Shrinking and Stretching Fabric for Shape
Claire B. Shaeffer shares couture methods for shrinking and stretching fabric to shape garments. These techniques are used frequently in haute couture but are rarely part of home sewing. Learn how to mold and shape wool fabrics, for high-quality sewn garments.
Easing a seamline
Many patterns include seams that need to be eased; sleeve caps are the most common places in commercial patterns where ease is required. You may also ease a back shoulder seam to the front shoulder. Often, the amount of ease is small and can be handled with machine-sewn easestitching. However, you can also replace small darts and other shaping devices by easing, if the fabric can be shrunk. Another couture use for this technique is shaping a stand-up collar that is cut as a straight piece of fabric. You can gently shape it into a curve, so any woven patterns such as stripes or plaid lines follow the collar’s curve.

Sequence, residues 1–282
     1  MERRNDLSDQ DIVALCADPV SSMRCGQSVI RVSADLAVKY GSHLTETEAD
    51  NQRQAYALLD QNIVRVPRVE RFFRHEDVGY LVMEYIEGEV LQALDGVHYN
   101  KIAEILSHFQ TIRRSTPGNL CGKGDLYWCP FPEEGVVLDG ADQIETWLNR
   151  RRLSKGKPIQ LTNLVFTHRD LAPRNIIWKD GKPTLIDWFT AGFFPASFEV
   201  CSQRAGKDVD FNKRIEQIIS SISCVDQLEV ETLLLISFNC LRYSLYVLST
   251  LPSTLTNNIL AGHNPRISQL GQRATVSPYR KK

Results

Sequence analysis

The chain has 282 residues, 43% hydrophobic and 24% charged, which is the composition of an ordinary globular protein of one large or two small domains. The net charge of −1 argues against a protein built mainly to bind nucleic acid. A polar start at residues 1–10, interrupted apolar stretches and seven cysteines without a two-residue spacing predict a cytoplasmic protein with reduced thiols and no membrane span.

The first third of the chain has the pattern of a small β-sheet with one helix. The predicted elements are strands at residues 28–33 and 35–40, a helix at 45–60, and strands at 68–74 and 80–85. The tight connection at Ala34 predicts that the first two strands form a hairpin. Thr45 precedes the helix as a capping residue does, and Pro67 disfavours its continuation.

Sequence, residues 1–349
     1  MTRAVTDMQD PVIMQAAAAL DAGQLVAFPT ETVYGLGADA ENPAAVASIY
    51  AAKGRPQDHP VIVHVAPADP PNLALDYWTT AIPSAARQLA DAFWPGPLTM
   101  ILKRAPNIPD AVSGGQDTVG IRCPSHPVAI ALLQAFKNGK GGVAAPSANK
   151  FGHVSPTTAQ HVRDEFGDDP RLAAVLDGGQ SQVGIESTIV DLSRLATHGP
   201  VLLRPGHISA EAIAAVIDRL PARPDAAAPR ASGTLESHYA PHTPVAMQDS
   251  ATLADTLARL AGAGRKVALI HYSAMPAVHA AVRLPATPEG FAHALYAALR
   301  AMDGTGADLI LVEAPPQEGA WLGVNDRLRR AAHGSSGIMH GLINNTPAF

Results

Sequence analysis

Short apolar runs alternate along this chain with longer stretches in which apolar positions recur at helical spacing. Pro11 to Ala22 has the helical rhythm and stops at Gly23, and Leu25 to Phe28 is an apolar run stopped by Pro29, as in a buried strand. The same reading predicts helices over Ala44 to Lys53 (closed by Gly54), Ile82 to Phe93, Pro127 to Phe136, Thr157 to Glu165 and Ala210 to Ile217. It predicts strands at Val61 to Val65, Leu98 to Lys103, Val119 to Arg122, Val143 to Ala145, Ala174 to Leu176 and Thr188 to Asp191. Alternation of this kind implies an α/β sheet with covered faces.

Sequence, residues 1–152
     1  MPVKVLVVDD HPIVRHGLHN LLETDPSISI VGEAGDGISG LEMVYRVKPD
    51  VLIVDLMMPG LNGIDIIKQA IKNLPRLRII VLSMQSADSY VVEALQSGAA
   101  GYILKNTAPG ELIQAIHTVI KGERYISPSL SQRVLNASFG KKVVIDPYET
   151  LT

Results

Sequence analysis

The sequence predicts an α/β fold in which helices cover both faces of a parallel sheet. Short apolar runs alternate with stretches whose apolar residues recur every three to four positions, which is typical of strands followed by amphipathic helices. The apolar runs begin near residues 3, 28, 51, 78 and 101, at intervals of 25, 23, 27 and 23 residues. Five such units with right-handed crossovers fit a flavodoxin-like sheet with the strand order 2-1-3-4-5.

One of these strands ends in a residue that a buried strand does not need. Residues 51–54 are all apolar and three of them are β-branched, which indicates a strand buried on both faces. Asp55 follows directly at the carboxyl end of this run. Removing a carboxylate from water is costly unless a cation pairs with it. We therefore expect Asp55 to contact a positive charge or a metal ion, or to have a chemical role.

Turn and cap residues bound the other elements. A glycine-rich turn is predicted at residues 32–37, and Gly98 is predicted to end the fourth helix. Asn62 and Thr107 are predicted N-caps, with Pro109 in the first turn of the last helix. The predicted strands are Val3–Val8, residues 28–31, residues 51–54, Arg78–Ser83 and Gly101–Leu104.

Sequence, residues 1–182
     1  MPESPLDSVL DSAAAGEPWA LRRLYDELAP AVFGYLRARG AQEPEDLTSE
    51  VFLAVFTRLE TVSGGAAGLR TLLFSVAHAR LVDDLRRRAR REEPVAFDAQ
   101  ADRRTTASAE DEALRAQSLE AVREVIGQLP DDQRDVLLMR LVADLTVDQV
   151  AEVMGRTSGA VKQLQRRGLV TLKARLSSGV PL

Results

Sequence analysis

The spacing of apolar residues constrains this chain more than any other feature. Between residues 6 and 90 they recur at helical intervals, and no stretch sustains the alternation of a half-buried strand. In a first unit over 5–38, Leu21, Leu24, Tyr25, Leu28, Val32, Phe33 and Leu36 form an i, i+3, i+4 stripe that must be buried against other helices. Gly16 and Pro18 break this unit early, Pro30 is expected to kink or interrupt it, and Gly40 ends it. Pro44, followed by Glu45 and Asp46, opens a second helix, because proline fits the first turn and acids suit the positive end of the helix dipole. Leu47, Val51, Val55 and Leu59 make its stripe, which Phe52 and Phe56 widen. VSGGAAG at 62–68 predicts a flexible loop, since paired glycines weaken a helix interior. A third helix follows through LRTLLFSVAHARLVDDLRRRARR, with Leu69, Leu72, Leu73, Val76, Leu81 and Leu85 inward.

Wool fabrics, especially those with softer finishes, such as flannel and crepe, are the best choices for this treatment. Hard finishes, as in worsted wools, are more challenging to shrink.
Begin by applying hand-worked ease-basting stitches. These are short running stitches. Sew one row on the thread-traced seamline and another row within the seam allowance. If the fabric calls for greater control, add a third row just outside the seamline, within the body of the garment. This final row should be removed after the garment is constructed. You may leave the other two rows in. Knot the thread at the start of each row, but leave it unknotted at the end, with a long thread tail.
Shrinking the fabric
Once you’ve sewn the ease-basting, pull the threads’ loose ends to shorten and slightly gather and curve the seamline. Steam the area with a…
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